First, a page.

It's interesting to look back at one's life and find so many things they can be remembered for. Most people will remember Myra for her charity. Others will remember her as being a great family matriarch. Most of you reading this article care mostly about the Patriots. So it is her role as the wife of the most powerful owner in the NFL that will be exalted today and beyond, though the other concerns in her life are due all the praise and tributes that come in.

Simply stated, what the Kraft family means to this region cannot be understated. Tom Yawkey owned the Red Sox for 43 years, and his estate chugged on for another 26 years. Though Yawkey was regarded as a kind man and a very player-friendly owner, sometimes to a fault, his regime will be mostly remembered for overpaid players, a perception of racism, and zero World Series wins. Despite all the Celtics world titles, the only owner of exceptional repute in Celtic history is Walter Brown, who died in 1964. The Adams family (Charles, Weston Sr. and Weston Jr.) owned the Bruins from Jump Street until Jeremy Jacobs bought the team in 1975, and he finally got his first Stanley Cup last month.

Boston fans adore John Henry and Tom Werner and the two World Series wins they have helped bring about. Wyc Grousbeck is a youthful and local owner who is climbing his way up the ladder of beloved Boston area owners. But Kraft is the unchallenged king of Boston sports. His Taj Mahal in Foxborough and all the adjunct buildings in the area speaks volumes as to what he has brought the Patriots to over the years.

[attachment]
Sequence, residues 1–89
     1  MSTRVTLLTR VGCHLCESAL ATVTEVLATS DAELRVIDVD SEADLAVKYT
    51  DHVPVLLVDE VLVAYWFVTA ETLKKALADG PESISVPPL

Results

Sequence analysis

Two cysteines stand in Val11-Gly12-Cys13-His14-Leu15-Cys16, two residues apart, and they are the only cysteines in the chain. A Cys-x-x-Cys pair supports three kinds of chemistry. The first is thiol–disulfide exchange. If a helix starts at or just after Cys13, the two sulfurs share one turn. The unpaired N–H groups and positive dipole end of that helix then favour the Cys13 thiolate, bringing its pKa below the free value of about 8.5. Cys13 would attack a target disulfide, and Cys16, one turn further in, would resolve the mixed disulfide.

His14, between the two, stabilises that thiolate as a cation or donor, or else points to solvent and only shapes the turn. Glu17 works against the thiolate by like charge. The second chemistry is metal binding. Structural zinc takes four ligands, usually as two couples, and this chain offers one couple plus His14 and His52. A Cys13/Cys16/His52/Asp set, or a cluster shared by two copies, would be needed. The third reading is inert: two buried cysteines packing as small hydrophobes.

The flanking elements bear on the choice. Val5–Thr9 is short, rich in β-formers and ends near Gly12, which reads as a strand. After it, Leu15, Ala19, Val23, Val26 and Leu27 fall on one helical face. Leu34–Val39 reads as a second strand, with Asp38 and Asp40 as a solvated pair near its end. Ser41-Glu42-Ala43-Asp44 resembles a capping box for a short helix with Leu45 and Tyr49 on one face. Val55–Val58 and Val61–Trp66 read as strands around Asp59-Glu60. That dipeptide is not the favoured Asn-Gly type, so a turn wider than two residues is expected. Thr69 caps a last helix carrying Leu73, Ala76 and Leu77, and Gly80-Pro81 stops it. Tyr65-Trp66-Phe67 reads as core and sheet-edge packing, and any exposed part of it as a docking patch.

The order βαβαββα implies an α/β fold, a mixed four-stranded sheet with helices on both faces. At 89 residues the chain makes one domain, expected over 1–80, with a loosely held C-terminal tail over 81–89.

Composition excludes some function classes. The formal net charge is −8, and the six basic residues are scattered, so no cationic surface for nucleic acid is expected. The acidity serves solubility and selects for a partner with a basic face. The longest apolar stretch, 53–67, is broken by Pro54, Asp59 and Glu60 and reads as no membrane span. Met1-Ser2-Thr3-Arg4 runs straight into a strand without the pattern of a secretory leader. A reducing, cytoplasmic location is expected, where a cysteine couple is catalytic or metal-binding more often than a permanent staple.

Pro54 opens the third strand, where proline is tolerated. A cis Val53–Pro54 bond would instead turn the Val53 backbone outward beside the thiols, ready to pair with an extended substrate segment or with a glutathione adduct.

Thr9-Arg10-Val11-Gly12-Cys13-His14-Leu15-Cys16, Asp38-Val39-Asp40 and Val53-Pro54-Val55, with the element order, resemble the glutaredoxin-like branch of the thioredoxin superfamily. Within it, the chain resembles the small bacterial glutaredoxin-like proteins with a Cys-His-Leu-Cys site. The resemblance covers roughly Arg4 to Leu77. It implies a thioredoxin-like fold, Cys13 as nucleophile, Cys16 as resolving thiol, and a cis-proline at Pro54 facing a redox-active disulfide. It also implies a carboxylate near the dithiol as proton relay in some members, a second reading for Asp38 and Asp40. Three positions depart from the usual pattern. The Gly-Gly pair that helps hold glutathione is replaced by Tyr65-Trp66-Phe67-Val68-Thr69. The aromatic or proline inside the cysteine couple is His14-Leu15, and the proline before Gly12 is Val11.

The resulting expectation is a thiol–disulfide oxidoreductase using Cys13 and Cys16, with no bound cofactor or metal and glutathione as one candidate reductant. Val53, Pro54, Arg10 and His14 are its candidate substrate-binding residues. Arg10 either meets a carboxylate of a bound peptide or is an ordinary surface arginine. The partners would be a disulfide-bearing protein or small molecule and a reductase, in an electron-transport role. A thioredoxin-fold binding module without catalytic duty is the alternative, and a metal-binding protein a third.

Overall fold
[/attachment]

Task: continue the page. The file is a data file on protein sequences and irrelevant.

Now, how much of what Kraft has accomplished has been because of the old maxim "Behind every great man is a great woman"?

Bob knows better than any of us do. But we as outsiders can literally guess.

Simply stated, what Kraft did in 1994 was courageous and a huge gamble at the time. No one could have foreseen in 1994 that the Patriots would become a Fortune 500 darling in due time. Myra was initially opposed to Bob buying the Patriots. But buy them he did, and she immersed herself in the game and its inner workings. She came out of it with a newfound respect for football in general.

Bob's ownership hasn't been perfect. He never should have messed with Bill Parcells. Myra was very vocal when the Patriots drafted substandard character players (see Christian Peter). There are those who aren't that impressed with the CBS Place and some of those other glitzy buildings that sit next to Gillette Stadium. Oh, and whatever became of CmGi?

But Bob pushed on, learned from his mistakes, and built a huge football edifice in Foxborough. And Myra was likely right there, advising him of every mistake, and helping him run the team better. And she was deservedly in the spotlight when it was proper. That incredible shot of the Kraft private box when Adam Vinatieri kicked the game-winning field goal in Super Bowl XXXVI was priceless, as Myra literally flopped on Bob and Jonathan in their moment of celebration. Moments later, there were the Krafts on the victory stand, with Bob proclaiming that "We are all Patriots!" and Myra right there, holding his arm and beaming with pride.

Tonight, all of Patriot Nation would like to grab hold of Bob's arm and offer him support and sympathy. With the NFL lockout now almost over, Bob cannot enjoy the upcoming season to its fullest extent. He must now prepare for the first season as owner of the Patriots without Myra at his side in the owner's box. Whatever I's that need to be dotted and T's that need to be crossed, they'll have to do it without Bob.

Because he needs time to say goodbye to Myra, above all other things.